“What looks like weakness is actually where your strength lies. And what looks like strength is often weakness, an attempt to cover up fear; this is an act or a facade, however convincing it might appear to others or even to yourself.”
Jon Kabat-Zinn (thanks for the title of this post, too, mister)
I woke up sad today.
I recently let go of a 2+ year relationship and the most important person in my life. I’ve been binging and feeling sick with inordinate frequency. I’ve been sad.
I’ve been putting a lot of pressure on myself to make cynosure the very best it can be. I’ve been working on it every free minute I have. And I’ve been burning out.
I was going to make an announcement yesterday. I was going to wake up early on Monday and make a video and post it for you.
But I binged on Sunday night. And Monday night, too. And last night.
I realized something terrible a few days ago. I’ve been shielding myself. I’ve had this expectation of myself that I have to be strong all the time, happy all the time, perfectly healthy and a mindful eater all the time.
So that when I slip, I fall. Ungracefully. Tragically. Flat on my face.
Because I think it means I’m weak.
Because I want to keep up this image of myself, so you can comfort in the fact that it does get better.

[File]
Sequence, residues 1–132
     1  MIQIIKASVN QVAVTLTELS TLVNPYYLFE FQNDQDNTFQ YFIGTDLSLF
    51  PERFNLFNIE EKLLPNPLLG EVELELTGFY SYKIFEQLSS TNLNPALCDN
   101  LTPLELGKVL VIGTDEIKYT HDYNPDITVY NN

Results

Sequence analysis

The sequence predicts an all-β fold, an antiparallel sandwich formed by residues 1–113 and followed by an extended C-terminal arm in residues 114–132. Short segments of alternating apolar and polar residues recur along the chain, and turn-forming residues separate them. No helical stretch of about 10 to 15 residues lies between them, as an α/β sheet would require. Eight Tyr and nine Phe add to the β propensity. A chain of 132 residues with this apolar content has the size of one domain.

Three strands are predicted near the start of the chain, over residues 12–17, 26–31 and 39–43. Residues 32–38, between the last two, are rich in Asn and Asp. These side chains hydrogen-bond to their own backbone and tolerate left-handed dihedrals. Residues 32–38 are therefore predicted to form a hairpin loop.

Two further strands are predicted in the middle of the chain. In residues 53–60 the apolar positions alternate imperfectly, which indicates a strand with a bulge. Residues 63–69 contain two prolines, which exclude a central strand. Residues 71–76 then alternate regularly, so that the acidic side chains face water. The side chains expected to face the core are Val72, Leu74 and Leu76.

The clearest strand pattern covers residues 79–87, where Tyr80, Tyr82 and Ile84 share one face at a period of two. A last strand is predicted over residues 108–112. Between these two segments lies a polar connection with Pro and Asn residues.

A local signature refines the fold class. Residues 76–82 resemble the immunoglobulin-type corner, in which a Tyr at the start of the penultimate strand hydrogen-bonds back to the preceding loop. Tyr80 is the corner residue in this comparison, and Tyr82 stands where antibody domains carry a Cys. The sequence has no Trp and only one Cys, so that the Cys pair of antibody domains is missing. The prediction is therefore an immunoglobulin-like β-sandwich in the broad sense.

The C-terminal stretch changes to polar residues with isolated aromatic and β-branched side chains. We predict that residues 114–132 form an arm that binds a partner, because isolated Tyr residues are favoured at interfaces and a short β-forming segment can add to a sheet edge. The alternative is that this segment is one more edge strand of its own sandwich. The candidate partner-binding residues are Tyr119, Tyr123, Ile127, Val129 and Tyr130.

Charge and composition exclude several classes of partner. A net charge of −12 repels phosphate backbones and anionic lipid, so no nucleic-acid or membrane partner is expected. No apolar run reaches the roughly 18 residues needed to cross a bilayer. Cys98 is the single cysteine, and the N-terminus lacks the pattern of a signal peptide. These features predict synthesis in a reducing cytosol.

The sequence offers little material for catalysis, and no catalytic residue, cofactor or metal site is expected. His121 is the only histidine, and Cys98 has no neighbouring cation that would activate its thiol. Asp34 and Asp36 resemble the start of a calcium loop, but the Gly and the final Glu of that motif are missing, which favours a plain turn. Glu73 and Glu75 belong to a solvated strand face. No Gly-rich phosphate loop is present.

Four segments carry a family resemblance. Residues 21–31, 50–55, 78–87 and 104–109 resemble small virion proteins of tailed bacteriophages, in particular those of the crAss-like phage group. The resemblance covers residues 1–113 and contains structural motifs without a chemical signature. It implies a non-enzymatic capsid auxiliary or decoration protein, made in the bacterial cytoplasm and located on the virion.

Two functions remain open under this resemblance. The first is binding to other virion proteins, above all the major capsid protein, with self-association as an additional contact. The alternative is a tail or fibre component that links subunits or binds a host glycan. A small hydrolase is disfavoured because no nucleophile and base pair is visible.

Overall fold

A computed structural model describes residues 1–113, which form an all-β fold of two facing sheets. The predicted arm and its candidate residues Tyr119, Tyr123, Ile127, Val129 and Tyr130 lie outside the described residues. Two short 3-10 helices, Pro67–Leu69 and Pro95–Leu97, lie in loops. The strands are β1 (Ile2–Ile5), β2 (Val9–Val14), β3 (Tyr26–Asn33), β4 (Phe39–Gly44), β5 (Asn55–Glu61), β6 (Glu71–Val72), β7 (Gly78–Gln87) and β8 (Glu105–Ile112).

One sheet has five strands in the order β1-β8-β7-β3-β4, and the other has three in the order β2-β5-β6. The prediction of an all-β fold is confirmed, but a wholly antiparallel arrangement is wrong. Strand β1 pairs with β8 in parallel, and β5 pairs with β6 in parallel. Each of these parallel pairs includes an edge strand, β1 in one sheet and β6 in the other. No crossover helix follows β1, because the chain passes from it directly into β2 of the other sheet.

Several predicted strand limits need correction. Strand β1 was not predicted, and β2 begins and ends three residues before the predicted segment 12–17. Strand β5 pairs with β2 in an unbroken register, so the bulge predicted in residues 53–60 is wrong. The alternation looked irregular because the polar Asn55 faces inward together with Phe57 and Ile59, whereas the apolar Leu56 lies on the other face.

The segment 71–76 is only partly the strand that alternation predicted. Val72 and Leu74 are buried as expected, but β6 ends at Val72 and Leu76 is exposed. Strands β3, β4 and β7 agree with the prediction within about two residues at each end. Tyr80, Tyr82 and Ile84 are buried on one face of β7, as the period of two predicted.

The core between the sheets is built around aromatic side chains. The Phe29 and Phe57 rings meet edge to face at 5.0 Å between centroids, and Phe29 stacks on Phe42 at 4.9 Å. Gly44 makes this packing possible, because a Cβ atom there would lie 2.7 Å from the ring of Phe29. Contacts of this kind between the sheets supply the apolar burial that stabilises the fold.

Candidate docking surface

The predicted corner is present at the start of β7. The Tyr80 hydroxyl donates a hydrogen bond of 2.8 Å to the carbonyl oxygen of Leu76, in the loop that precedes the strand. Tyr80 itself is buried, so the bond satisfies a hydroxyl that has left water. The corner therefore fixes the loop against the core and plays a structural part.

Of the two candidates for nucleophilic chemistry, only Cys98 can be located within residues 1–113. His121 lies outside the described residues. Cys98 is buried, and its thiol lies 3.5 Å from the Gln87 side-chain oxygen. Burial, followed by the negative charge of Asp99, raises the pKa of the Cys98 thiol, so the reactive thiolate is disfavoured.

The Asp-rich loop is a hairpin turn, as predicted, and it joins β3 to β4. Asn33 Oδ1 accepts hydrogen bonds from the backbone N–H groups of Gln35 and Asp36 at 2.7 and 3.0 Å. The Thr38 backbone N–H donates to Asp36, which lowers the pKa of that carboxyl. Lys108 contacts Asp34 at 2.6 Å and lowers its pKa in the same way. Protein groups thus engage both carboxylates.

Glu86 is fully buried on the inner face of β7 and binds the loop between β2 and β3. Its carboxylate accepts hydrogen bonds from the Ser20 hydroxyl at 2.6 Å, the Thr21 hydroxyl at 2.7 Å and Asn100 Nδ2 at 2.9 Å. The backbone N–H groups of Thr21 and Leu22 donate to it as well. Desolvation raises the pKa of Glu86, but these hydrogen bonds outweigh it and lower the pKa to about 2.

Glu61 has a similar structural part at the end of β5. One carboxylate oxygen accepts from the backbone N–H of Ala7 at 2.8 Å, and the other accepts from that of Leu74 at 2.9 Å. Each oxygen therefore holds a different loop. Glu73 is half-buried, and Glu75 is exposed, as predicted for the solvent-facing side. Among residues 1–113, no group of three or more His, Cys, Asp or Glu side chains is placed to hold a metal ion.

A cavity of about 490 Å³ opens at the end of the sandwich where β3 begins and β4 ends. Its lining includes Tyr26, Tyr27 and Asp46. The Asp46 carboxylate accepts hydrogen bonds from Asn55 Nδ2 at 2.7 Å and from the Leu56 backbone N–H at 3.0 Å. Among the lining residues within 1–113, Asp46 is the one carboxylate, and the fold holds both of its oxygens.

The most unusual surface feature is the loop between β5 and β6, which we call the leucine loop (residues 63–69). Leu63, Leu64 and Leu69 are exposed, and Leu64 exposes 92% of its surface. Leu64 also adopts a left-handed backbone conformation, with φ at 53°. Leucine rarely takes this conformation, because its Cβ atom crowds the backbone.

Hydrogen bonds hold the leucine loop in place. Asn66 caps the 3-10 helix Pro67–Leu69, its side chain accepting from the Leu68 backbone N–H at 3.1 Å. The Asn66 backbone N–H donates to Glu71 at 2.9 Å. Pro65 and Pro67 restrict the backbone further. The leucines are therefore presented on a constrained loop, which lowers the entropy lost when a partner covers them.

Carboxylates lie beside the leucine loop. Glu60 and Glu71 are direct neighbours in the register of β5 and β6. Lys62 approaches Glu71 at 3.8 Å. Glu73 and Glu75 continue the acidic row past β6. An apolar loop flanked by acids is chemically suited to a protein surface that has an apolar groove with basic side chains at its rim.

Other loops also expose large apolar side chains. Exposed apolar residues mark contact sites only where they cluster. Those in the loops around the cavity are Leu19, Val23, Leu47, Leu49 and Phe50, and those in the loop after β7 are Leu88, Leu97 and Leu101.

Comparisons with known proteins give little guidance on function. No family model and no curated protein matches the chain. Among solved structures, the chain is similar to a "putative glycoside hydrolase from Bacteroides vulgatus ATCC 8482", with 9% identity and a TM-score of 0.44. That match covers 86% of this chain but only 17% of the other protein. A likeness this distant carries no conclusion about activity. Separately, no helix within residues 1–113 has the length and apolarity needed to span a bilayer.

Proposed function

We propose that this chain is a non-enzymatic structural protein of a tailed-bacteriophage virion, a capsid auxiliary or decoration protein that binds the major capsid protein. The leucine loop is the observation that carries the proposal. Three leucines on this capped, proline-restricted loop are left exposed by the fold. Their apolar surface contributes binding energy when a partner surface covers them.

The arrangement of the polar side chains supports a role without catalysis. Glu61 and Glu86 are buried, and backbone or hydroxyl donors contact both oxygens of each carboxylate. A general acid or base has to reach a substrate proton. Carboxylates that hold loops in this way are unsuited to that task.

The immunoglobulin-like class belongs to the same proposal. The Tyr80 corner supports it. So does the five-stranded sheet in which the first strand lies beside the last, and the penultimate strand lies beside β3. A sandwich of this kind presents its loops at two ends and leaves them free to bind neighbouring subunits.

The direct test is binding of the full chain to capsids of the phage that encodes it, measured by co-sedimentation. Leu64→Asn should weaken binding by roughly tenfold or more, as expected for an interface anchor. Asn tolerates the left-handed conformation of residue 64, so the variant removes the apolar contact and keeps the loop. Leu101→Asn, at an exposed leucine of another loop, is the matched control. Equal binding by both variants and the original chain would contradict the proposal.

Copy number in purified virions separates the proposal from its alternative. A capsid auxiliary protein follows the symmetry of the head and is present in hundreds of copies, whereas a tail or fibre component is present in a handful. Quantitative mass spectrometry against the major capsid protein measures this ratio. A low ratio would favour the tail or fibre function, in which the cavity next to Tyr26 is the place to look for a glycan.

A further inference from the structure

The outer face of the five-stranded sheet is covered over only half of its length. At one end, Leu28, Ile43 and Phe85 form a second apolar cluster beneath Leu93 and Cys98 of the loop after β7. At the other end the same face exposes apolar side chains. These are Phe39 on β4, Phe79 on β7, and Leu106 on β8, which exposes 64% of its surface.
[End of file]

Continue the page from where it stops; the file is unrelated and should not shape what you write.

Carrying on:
And it does. It does, it does, it does. In fact, it can get so much better, with every passing moment.
But it’s not without its struggles, and I’ve been ignoring that.
“You have to be strong enough to be weak.” I haven’t been strong in that way lately. “Lonely? I can’t be lonely if I believe that we are all one in love and the Universe.” “Sad? Must be because of my own thoughts.” “Binging? Need to figure it out for myself, ‘fix’ it and stop binging as soon as possible so I can get back to helping people.”
I’m not superhuman. I expected myself to be. I didn’t see that the very perfectionism that cheered my eating disorders on and fueled procrastination and fear in the past instead had come back to destroy me in a different way. “You’re not strong all the time? You’re not happy every single moment? What’s wrong with you?”
It’s easy to ignore the expectations of someone else. It’s harder to live with your own expectations for yourself, your little requirements and high standards.
The thing is, vulnerability is the greatest strength. It’s the sword of love, of openness and deep honesty.
I want to be more honest to you. Like, truly honest. Like how I was honest once upon a time– about my struggles. About my own moments of weakness. About my own sadness and frustrations.
Because it’s what you deserve. Because I love you enough to want to be honest to you. To be real.
I haven’t even been honest to myself.
I thought that if I gave into being sad, what would happen next? Would I just deteriorate into the terribly vulnerable, extremely lonely teenager who was scared of everything– the person that I once was? Would I sink back into my compulsion, addiction, and depression?
I need to have more faith in myself, in my strength, and in my recovery than that.
How else are we able to grow, if we don’t face challenges?
I was going to announce something today. It’ll have to wait for next week… maybe. I don’t know.
I get sad sometimes, too. I fuck up, too. And I struggle, too.
You’re not alone.
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